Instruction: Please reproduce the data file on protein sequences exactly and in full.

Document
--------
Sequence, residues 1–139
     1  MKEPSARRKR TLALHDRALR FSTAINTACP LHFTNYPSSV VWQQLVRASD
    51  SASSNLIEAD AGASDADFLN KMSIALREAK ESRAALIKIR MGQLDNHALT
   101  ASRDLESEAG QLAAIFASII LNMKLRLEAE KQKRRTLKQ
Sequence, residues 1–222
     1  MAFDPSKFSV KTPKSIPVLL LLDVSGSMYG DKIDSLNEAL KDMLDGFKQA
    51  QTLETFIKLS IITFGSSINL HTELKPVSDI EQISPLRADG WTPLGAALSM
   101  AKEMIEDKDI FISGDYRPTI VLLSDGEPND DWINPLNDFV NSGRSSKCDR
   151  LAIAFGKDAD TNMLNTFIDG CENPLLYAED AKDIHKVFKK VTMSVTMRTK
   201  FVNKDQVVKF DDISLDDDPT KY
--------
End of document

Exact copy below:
Sequence, residues 1–139
     1  MKEPSARRKR TLALHDRALR FSTAINTACP LHFTNYPSSV VWQQLVRASD
    51  SASSNLIEAD AGASDADFLN KMSIALREAK ESRAALIKIR MGQLDNHALT
   101  ASRDLESEAG QLAAIFASII LNMKLRLEAE KQKRRTLKQ
Sequence, residues 1–222
     1  MAFDPSKFSV KTPKSIPVLL LLDVSGSMYG DKIDSLNEAL KDMLDGFKQA
    51  QTLETFIKLS IITFGSSINL HTELKPVSDI EQISPLRADG WTPLGAALSM
   101  AKEMIEDKDI FISGDYRPTI VLLSDGEPND DWINPLNDFV NSGRSSKCDR
   151  LAIAFGKDAD TNMLNTFIDG CENPLLYAED AKDIHKVFKK VTMSVTMRTK
   201  FVNKDQVVKF DDISLDDDPT KY